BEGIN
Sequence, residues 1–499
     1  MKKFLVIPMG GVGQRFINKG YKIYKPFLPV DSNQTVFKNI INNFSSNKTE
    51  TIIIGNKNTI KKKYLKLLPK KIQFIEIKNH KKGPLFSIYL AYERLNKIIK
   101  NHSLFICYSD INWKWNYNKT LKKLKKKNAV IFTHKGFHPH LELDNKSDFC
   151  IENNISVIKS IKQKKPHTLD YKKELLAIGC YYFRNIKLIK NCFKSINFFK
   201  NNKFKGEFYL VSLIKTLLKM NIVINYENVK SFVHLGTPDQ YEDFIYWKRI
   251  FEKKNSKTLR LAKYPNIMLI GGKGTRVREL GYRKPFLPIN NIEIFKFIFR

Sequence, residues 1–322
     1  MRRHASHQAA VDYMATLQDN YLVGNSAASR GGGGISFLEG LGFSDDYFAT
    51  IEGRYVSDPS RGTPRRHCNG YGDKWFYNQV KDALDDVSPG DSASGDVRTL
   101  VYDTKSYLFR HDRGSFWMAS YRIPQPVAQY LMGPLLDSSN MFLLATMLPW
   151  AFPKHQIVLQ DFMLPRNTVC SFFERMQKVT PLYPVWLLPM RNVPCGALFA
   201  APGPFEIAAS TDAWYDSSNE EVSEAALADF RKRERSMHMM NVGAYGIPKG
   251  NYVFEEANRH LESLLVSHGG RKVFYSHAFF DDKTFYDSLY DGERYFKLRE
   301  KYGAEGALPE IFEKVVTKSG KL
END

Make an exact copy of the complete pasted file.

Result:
Sequence, residues 1–499
     1  MKKFLVIPMG GVGQRFINKG YKIYKPFLPV DSNQTVFKNI INNFSSNKTE
    51  TIIIGNKNTI KKKYLKLLPK KIQFIEIKNH KKGPLFSIYL AYERLNKIIK
   101  NHSLFICYSD INWKWNYNKT LKKLKKKNAV IFTHKGFHPH LELDNKSDFC
   151  IENNISVIKS IKQKKPHTLD YKKELLAIGC YYFRNIKLIK NCFKSINFFK
   201  NNKFKGEFYL VSLIKTLLKM NIVINYENVK SFVHLGTPDQ YEDFIYWKRI
   251  FEKKNSKTLR LAKYPNIMLI GGKGTRVREL GYRKPFLPIN NIEIFKFIFR

Sequence, residues 1–322
     1  MRRHASHQAA VDYMATLQDN YLVGNSAASR GGGGISFLEG LGFSDDYFAT
    51  IEGRYVSDPS RGTPRRHCNG YGDKWFYNQV KDALDDVSPG DSASGDVRTL
   101  VYDTKSYLFR HDRGSFWMAS YRIPQPVAQY LMGPLLDSSN MFLLATMLPW
   151  AFPKHQIVLQ DFMLPRNTVC SFFERMQKVT PLYPVWLLPM RNVPCGALFA
   201  APGPFEIAAS TDAWYDSSNE EVSEAALADF RKRERSMHMM NVGAYGIPKG
   251  NYVFEEANRH LESLLVSHGG RKVFYSHAFF DDKTFYDSLY DGERYFKLRE
   301  KYGAEGALPE IFEKVVTKSG KL